In 2017, The Walt Disney Company announced it was creating its own streaming service platform. [43] The new service, known as Disney+, would feature original programming created by the company's vast array of film and television production studios, including Walt Disney Pictures. [44] As part of this new distribution platform, Bailey and Horn confirmed that Walt Disney Pictures would renew development on smaller-budgeted genre films that the studio had previously stopped producing for the theatrical exhibition market a few years prior. [45] [46] [42] In 2018, nine films were announced to be in production or development for the service. [47] These films would be budgeted between $20 million and $60 million. [45] The studio is expected to produce approximately 3-4 films per year exclusively for Disney+, alongside its theatrical tentpole slate. [46] Disney+ was launched on November 12, 2019, in the United States, Canada, and the Netherlands, with subsequent international expansions. [44] Within the first two months of the service's launch, Walt Disney Pictures had released three films ( Lady and the Tramp , Noelle, and Togo ) exclusively for Disney+. [42]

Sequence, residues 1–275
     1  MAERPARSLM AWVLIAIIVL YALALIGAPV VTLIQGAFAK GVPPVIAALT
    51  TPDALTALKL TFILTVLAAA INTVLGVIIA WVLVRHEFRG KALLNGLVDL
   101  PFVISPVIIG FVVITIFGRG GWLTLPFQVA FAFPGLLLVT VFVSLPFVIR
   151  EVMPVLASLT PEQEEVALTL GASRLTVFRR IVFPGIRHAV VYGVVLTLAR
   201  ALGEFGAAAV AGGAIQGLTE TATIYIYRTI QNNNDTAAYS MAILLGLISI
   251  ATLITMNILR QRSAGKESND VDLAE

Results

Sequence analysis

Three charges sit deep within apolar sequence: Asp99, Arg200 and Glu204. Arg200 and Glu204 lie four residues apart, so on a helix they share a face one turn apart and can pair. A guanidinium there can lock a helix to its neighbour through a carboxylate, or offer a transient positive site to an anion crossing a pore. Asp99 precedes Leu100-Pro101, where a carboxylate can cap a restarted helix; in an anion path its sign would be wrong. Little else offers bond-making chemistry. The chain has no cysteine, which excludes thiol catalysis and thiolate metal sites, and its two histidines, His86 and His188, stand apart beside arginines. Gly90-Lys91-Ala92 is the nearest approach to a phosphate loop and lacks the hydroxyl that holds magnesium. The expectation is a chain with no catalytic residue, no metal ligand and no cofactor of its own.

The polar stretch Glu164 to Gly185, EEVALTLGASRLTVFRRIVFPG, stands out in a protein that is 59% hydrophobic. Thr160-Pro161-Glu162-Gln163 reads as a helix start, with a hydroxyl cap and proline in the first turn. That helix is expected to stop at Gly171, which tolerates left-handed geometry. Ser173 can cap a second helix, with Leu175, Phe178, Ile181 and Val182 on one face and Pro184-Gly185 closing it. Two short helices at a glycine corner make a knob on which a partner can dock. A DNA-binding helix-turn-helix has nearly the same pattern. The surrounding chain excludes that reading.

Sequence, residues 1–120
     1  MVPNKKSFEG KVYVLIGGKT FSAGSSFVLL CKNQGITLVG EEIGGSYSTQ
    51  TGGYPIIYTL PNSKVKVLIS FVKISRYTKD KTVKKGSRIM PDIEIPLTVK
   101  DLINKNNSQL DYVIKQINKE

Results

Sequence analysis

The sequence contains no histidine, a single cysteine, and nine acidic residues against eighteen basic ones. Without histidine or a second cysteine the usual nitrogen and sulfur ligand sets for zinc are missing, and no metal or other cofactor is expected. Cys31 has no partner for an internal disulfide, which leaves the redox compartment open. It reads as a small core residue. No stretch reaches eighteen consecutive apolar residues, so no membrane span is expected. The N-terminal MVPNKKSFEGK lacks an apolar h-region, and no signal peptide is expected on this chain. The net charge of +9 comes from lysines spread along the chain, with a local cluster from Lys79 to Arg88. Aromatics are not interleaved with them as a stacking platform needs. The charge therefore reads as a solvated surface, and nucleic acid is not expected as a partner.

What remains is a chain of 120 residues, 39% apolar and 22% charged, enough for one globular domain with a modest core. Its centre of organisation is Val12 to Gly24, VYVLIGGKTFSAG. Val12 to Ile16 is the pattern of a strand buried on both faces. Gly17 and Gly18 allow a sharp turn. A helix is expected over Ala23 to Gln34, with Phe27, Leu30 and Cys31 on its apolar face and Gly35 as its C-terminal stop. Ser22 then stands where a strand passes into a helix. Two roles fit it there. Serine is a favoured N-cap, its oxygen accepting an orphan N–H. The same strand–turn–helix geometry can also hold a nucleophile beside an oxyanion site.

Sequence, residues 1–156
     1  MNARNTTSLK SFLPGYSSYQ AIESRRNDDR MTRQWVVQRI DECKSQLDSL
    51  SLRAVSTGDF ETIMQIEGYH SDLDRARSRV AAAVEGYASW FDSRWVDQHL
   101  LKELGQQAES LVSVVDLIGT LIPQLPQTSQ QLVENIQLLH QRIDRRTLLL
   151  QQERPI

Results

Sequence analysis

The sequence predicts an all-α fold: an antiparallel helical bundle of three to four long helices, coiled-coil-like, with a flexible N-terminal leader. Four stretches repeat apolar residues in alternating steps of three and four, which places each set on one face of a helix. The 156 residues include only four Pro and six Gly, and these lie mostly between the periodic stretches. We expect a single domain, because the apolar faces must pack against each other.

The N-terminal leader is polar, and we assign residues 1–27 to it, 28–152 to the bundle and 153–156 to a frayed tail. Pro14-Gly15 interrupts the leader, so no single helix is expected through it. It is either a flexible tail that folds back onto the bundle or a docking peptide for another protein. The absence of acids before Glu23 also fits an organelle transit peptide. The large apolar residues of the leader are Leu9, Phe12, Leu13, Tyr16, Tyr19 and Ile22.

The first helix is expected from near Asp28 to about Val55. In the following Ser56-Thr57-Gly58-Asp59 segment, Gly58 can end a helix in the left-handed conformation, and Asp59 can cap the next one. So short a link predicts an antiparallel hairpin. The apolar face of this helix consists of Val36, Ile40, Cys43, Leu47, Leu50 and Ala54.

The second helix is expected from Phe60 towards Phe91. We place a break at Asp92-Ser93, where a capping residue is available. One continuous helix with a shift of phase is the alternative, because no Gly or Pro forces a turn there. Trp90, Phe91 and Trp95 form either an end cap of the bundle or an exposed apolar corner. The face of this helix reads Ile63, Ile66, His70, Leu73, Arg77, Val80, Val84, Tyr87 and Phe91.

On March 12, 2020, Fox Family president Vanessa Morrison was named president of live-action development and production of streaming content for both Disney Live-Action and 20th Century Studios, reporting directly to Bailey. That same day, Philip Steuer and Randi Hiller were also appointed as president of the studio's physical, post-production and VFX, and executive vice president for casting, respectively–overseeing these functions for both Walt Disney Pictures and 20th Century Studios. [1]

Until 1985, instead of a traditional production logo, the opening credits of Disney films used to feature a title card that read "Walt Disney Presents", and later, "Walt Disney Productions Presents". [48] In Never Cry Wolf , and the pre-release versions of Splash , it showed a light blue rectangle with the name "Walt Disney Pictures" and featured a white outline rectangle framing on a black screen.